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My husband won’t chip in!
Q: How can I get my husband to help out with the family chores more? He works full-time and I work part-time but am on call at home 24/7, as I take care of our two small children. He feels he does his part by working full-time and doing some of the “guy things,” like cutting the grass and taking care of the cars. I need help with the children, but he seems to think this is my role. Please help!
Tawny Springfield
A: When a mum becomes a parent, her work becomes endless. If a father persists in arguing that he is the full-time earner in the family and therefore does not need to fully participate at home, he will lose in two ways:

One, he will end up putting a wedge between himself and his wife because women feel unappreciated and abandoned when their husbands refuse to help.

Secondly, he will lose out in not parenting his children. Being a parent means nurturing, bathing, feeding and taking care of kids when they are ill. It means giving mum a chance to recharge by helping out. There are so many ways a man can help out at home. For example, children need help getting ready for school, at bedtime and with homework.

Many men do not realise that giving at home will not only enrich their lives as a parent but also strengthen their marriage. In my opinion, the number one cause of divorce in this country is men’s refusal to parent as a team and their refusal to share household duties.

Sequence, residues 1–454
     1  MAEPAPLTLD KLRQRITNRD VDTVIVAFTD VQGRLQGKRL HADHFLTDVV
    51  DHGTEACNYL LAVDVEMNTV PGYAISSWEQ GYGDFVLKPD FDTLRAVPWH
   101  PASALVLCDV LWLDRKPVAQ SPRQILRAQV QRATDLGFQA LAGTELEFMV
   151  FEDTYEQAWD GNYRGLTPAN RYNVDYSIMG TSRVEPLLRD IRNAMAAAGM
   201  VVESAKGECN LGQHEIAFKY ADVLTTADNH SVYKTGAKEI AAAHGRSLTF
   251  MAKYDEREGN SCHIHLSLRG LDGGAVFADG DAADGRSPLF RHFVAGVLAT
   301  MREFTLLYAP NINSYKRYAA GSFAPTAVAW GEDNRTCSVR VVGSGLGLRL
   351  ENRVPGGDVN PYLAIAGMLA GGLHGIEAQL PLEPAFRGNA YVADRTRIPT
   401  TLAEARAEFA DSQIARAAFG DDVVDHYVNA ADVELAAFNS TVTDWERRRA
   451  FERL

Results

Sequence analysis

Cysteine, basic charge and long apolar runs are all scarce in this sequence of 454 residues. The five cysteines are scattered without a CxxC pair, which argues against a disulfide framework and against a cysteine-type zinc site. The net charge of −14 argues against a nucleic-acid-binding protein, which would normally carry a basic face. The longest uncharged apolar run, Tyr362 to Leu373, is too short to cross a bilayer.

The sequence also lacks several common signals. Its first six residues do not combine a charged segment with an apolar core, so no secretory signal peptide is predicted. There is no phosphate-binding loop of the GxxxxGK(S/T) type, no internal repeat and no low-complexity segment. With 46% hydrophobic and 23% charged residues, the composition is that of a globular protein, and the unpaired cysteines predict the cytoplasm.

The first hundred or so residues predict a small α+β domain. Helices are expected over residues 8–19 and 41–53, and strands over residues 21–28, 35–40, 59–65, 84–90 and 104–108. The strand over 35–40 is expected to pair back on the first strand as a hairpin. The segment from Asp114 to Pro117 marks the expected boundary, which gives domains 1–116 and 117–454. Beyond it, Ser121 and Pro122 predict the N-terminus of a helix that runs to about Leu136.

I hope your husband will read my response, and that he can appreciate what I’m saying. He has everything to gain by joining up with you. For your part, help your husband by avoiding two mistakes women generally make:

The first is insisting that your husband do things at home your way. I call this “the mum-Knows-Best Syndrome.” Men are different from women and will do things differently. This doesn’t mean they are doing things wrong.

The second mistake is to avoid leaving the children home with Dad so he can fully enjoy them. Mothers are so powerful in the eyes of their children that they almost always go to mum when she’s home. When mum steps out, the children have to go to Dad. Dad and the children then begin to discover a whole new world with each other.

Please consider my advice. I spend a good part of my career talking with wives who resent their husbands, and husbands who wonder why their wives are no longer fun and affectionate with them.

Kenneth N. Condrell Ph.D Child Psychologist